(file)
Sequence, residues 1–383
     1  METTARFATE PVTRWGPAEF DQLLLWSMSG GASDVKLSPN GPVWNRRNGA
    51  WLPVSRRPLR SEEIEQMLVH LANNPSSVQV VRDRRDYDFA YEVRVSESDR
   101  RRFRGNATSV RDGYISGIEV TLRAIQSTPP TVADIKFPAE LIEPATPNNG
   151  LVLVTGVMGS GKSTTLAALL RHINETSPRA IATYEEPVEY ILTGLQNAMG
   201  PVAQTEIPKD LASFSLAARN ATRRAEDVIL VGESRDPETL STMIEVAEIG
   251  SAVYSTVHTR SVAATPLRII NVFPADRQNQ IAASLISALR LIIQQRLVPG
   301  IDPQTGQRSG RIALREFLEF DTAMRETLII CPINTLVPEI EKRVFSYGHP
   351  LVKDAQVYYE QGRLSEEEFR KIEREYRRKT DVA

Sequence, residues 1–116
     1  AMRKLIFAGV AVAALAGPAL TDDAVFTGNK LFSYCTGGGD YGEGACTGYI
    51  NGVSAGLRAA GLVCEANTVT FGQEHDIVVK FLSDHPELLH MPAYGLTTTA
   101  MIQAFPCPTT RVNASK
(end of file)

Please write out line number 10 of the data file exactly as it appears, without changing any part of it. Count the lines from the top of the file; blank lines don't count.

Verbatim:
Sequence, residues 1–116